“Unfortunately, the Supreme Court has made clear that this option is no longer available.”
Delays in Relief Distribution
The move comes as the administration has struggled to distribute the nearly $47 billion in rental relief funds approved as part of two coronavirus relief packages passed in December and March, respectively.
Nearly seven months after the first round of funding was approved, the Treasury Department has only allocated $3 billion of the reserves, and just 600,000 tenants have been helped under the program.
A total of 7.4 million households are behind on rent according to the most recent data from the Census Bureau. An estimated 3.6 million of those households could face eviction in the next two months if the moratorium expires.
The distribution problems largely stem from the fact that many states and cities tasked with allocating the fund had no infrastructure to do so, causing the aid to be held up by delays, confusion, and red tape.
Some states opened portals that were immediately overwhelmed, prompting them to close off applications, while others have faced technical glitches.
According to The Washington Post, just 36 out of more than 400 states, counties, and cities that reported data to the Treasury Department were able to spend even half of the money allotted them by the end of June. Another 49 — including New York — had not spent any funds at all.
Slim Chances in Congress
House Speaker Nancy Pelosi (D-Ca.) urged her colleagues to approve an extension for the freeze Thursday night, calling it “a moral imperative” and arguing that “families must not pay the price” for the slow distribution of aid.
However, Biden’s last-minute call for Congress to act before members leave for their August recess is all but ensured to fail.
While the House Rules Committee took up a measure Thursday night that would extend the moratorium until the end of this year, the only way it could pass in the Senate would be through a procedure called unanimous consent, which can be blocked by a single dissenting vote.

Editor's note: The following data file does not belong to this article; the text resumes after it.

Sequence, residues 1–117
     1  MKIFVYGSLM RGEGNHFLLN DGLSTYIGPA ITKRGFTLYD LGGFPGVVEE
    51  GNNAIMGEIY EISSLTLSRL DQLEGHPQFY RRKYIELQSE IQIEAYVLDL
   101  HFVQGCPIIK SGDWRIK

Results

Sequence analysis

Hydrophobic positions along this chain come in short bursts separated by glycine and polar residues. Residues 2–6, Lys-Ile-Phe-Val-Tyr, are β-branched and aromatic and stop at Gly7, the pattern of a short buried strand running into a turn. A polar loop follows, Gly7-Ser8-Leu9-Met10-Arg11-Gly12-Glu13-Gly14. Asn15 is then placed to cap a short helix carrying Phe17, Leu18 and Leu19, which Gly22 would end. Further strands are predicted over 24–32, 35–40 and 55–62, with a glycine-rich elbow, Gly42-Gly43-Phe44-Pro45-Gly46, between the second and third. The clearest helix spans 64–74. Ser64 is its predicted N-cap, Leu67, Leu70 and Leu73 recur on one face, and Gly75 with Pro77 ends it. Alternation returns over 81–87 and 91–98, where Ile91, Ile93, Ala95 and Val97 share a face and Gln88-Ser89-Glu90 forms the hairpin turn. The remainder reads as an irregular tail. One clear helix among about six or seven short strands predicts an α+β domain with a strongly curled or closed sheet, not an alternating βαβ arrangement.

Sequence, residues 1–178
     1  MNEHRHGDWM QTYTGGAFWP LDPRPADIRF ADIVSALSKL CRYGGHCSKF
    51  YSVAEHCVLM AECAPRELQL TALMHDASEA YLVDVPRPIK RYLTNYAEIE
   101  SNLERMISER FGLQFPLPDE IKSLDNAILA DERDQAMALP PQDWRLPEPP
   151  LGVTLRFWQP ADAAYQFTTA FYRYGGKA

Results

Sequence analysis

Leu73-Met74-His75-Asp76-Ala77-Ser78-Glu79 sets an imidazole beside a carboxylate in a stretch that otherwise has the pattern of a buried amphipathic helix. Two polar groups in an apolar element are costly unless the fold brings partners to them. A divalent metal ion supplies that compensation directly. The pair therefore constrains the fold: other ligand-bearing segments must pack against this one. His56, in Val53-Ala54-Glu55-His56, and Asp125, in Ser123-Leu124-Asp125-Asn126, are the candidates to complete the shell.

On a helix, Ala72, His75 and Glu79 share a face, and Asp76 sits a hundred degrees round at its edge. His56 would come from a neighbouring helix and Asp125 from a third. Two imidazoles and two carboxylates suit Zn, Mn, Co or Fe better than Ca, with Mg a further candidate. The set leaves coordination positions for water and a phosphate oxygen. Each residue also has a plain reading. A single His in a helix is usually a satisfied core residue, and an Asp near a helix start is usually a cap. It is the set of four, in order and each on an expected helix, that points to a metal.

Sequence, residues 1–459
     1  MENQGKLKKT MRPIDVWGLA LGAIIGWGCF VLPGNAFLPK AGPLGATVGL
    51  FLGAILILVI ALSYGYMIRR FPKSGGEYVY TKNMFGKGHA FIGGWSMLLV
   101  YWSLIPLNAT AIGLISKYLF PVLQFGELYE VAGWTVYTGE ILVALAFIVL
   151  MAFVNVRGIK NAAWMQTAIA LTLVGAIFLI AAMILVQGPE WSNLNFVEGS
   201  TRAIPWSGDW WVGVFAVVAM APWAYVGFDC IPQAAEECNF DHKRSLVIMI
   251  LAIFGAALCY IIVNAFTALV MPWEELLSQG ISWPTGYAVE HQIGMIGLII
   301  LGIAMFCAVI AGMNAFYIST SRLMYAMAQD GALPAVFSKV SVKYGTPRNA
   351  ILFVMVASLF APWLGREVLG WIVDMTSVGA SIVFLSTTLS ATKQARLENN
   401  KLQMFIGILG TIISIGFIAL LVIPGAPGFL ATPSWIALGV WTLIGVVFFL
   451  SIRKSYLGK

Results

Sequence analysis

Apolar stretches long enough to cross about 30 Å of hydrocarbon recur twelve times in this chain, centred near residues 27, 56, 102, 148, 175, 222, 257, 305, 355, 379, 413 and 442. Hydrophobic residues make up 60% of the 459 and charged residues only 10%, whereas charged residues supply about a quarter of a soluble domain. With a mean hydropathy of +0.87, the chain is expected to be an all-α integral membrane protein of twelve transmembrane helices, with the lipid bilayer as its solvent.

Some Senate Republicans have already rejected the idea.
“There’s no way I’m going to support this. It was a bad idea in the first place,” Senator Patrick Toomey (R-Pa.) told reporters. “Owners have the right to action. They need to have recourse for the nonpayment of rent.”
With the hands of the CDC tied and Congressional action seemingly impossible, the U.S. could be facing an unprecedented evictions crisis Saturday, even though millions of Americans who will now risk losing their homes should have already received rental assistance to avert this exact situation.
See what others are saying: (The Washington Post) (The New York Times) (The Associated Press)
Mississippi Asks Supreme Court To Overturn Roe v. Wade
The Supreme Court’s decision to consider Mississippi’s restrictive abortion ban already has sweeping implications for the precedents set under the landmark reproductive rights ruling, but now the state is asking the high court to go even further.
Mississippi’s Abortion Case
Mississippi filed a brief Thursday asking the U.S. Supreme Court to overturn Roe v. Wade when it hears the state’s 15-week abortion ban this fall.
After months of deliberation, the high court agreed in May to hear what will be the first abortion case the 6-to-3 conservative majority will decide.
Both a district judge and a panel of the U.S. Court of Appeals for the 5th Circuit had ruled that Mississippi could not enforce the 2018 law that banned nearly all abortions at 15 weeks with exceptions for only “severe fetal abnormality,” but not rape and incest.
If the Supreme Court upholds the Mississippi law, it would undo decades of precedent set under Roe in 1973 and upheld under Planned Parenthood v. Casey in 1992, where the court respectively ruled and reaffirmed that states could not ban abortion before the fetus is “viable” and can live outside the womb, which is generally around 24 to 28 weeks.
When the justices decided to hear the case, they said they would specifically examine the question of whether “all pre-viability prohibitions on elective abortions are unconstitutional.”
Depending on the scope of their decision on the Mississippi law, the court’s ruling could allow other states to pass much more restrictive abortion bans without the risk of lower courts striking down those laws.
As a result, legal experts have said the case will represent the most significant ruling on reproductive rights since Casey nearly three decades ago, and the Thursday brief raises the stakes even more.
When Mississippi asked the justices to take up its case last June, the state’s attorney general, Lynn Fitch (R), explicitly stated that the petition’s questions “do not require the Court to overturn Roe or Casey.”
But that was before the court’s conservatives solidified their supermajority with the appointment of Justice Amy Coney Barrett — who personally opposes abortion — following the death of liberal Justice Ruth Bader Ginsburg.
New Filing Takes Aim at Roe